The Prime Minister has replied to criticism over charter schools, saying there are already teachers in the public school sector who are not fully qualified, mainly in technology classes.
The new Charter schools will be run by sponsors under contract to the Government.
The sponsor will be free to decide how many registered teachers to employ, what curriculum to use, and the pay and conditions of employees.
Secondary Principals Association president Patrick Walsh says the schools could damage New Zealand's reputation by employing unregistered teachers and chief executives without teaching skills.
However, John Key says not every teacher in state schools is fully qualified.
The association and other education groups say the Government should address under-achievement through the existing state school system.
Separately, New Zealand Principals' Federation president Paul Drummond says he wants a guarantee there will be a qualified teacher standing in front of each child.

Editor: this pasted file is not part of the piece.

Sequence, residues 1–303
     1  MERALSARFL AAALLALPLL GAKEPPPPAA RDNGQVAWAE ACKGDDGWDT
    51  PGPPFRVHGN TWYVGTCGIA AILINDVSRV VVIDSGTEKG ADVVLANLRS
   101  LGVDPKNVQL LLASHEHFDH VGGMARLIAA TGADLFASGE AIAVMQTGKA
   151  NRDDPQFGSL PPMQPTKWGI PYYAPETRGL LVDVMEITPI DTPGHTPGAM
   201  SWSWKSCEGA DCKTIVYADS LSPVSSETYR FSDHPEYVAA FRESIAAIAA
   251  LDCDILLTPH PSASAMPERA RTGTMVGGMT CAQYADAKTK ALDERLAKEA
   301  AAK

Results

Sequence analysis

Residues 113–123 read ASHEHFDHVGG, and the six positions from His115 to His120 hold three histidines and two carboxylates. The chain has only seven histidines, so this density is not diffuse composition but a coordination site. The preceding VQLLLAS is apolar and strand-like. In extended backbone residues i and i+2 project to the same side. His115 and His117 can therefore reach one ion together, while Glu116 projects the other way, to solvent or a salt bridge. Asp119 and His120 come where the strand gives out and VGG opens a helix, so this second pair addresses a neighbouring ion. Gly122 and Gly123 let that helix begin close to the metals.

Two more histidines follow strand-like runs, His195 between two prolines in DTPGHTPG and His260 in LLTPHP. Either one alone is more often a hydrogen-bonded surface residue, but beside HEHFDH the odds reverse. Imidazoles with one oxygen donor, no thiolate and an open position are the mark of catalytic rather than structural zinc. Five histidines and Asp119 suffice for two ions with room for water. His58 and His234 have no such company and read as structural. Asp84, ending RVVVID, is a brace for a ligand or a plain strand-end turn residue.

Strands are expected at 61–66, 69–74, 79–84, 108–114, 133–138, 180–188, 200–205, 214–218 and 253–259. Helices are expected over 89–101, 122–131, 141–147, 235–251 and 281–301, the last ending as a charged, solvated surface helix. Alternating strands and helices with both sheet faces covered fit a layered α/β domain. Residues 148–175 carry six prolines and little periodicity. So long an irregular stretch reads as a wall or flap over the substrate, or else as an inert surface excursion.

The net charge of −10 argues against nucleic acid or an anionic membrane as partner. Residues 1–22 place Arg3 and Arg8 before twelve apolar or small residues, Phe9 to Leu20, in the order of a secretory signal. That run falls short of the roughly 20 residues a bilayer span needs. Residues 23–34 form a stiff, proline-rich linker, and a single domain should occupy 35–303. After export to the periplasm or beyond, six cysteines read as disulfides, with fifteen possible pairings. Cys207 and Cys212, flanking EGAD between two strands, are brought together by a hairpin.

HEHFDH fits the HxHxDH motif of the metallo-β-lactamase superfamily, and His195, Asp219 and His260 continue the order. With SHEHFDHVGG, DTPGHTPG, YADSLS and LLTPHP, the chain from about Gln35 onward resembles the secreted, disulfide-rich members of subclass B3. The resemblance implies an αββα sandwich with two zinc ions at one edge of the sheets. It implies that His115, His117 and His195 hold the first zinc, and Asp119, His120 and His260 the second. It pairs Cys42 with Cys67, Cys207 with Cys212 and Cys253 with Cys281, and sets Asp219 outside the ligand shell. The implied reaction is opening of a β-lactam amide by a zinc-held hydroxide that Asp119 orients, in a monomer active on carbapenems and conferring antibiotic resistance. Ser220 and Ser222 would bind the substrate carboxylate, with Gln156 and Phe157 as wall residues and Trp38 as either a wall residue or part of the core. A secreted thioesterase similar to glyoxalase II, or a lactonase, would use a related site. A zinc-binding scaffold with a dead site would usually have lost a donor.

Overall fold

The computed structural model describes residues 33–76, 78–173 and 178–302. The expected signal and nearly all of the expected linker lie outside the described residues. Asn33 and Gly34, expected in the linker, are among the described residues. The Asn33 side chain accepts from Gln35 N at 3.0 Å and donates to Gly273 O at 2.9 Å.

The first charter schools will open in 2014 and will employ non-registered teachers and can be run by chief executives with no school experience, but the Government says the schools will help under-performing students.
Mr Drummond told Morning Report the solution to underachievement is a community response of which schools are a part, not setting up a new school system to compete with existing schools.
Ministry of Education figures from 2006 show 2% of primary school teachers and 6% of secondary teachers did not have teaching qualifications.
The primary school union says most people do not want charter schools to have fewer registered teachers than state schools.
The NZ Educational Institute says 86% of respondents to a survey conducted on its behalf agree the government-funded, privately-run schools should be allowed to hire only qualified teachers.
The UMR Research survey of 1000 people was conducted at the end of July.
NZEI president Ian Leckie says schools use unregistered teachers only as a last resort and for short periods of time.